Findings of a University of Minnesota study are the first to conclusively link later morning school starts to higher test scores, better grades and fewer teen car crashes.
The study puts weight behind an issue hotly debated by parents, students and school leaders nationwide.
“People keep asking me, ‘Is this [later school start times] really making a difference?’ ” said project director Kyla Wahlstrom, a former North St. Paul, Minnesota principal who’s studied school start times for 17 years. “We didn’t have the proof until now.”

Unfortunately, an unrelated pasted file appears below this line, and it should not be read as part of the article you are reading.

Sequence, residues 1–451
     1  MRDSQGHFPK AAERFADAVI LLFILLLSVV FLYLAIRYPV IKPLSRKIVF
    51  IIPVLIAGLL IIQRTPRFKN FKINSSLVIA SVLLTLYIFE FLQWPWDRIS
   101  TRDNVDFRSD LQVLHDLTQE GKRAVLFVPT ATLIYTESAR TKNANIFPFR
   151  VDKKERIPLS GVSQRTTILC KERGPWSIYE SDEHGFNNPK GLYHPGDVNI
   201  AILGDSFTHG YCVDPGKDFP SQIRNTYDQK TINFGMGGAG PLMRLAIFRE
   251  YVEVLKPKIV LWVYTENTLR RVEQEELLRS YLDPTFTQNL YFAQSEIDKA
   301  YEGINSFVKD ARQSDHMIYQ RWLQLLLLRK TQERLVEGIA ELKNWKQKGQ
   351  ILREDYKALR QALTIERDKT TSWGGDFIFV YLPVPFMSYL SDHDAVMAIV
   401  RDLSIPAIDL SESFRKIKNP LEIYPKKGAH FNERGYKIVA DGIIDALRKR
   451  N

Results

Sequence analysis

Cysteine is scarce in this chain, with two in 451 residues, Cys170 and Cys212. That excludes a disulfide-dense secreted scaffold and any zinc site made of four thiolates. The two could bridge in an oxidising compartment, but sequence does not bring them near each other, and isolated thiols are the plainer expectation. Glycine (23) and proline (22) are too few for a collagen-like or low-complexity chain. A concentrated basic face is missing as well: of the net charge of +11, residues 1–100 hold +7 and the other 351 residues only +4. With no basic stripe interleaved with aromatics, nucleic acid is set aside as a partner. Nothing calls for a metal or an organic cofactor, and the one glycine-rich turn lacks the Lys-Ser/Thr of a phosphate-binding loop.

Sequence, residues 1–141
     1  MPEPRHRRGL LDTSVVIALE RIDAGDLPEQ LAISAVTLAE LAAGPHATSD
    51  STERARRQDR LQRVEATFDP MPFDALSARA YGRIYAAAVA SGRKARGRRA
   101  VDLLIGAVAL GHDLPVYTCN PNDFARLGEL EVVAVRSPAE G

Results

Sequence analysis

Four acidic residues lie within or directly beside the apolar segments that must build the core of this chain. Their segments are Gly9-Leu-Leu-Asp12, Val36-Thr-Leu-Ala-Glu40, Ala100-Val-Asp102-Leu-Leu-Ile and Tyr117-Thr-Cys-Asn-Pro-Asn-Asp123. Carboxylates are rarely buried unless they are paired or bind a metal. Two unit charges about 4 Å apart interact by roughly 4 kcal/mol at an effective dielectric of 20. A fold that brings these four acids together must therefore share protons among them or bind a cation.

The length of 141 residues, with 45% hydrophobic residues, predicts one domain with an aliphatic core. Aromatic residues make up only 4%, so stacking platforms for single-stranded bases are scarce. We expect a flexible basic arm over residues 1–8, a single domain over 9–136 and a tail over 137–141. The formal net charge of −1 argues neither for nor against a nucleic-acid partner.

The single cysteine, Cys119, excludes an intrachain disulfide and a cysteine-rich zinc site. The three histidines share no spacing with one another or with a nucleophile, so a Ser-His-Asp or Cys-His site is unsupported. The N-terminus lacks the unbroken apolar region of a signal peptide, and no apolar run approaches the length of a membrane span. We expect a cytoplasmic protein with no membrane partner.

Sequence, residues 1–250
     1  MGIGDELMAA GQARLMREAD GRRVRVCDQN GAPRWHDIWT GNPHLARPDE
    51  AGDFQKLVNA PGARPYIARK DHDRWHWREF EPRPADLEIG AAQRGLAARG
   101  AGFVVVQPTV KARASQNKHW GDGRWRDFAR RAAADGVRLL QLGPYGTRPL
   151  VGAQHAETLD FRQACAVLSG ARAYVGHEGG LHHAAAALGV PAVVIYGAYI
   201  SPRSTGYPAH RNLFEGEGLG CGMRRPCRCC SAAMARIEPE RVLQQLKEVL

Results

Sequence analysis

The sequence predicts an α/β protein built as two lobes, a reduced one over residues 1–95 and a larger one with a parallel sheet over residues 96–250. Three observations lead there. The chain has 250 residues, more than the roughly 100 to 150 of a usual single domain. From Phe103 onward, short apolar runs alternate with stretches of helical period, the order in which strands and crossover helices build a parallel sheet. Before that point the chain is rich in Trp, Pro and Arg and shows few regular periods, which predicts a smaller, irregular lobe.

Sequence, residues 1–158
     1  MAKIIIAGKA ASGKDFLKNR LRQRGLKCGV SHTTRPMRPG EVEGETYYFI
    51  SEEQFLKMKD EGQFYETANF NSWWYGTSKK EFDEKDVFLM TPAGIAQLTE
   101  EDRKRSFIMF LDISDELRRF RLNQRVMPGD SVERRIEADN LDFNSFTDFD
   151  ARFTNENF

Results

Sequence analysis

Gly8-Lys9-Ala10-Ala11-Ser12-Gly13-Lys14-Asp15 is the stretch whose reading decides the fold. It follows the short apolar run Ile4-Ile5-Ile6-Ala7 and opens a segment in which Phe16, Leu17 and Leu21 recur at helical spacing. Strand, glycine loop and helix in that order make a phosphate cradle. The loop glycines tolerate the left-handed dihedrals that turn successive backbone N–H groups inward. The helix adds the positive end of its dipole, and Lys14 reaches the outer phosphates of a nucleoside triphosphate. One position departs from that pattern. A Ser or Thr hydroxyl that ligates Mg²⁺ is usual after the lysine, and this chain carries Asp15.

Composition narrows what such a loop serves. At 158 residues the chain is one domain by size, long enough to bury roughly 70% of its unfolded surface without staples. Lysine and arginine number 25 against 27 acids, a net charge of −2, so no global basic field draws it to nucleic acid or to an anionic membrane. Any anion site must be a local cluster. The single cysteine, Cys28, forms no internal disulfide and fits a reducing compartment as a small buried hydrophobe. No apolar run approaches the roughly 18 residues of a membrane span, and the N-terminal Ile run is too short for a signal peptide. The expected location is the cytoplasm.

For three years, researchers at the university’s Center for Applied Research and Educational Improvement analyzed data from more than 9,000 students at eight high schools in Minnesota, Colorado and Wyoming. Overall results showed a boost in attendance, test scores and grades in math, English, science and social studies for schools that shifted the school day later into the morning.
Schools also saw a decrease in tardiness, substance abuse and symptoms of depression. Some even had a dramatic drop in teen car crashes.
“The eight hours of sleep seems to be a tipping point for making healthy or unhealthy behavioral decisions,” Wahlstrom said.
But, the study found, only 34 percent of students are getting the recommended eight hours of sleep when school starts at 7:30 a.m. compared with 66 percent of students getting eight hours of sleep at schools that start as late as 8:55 a.m.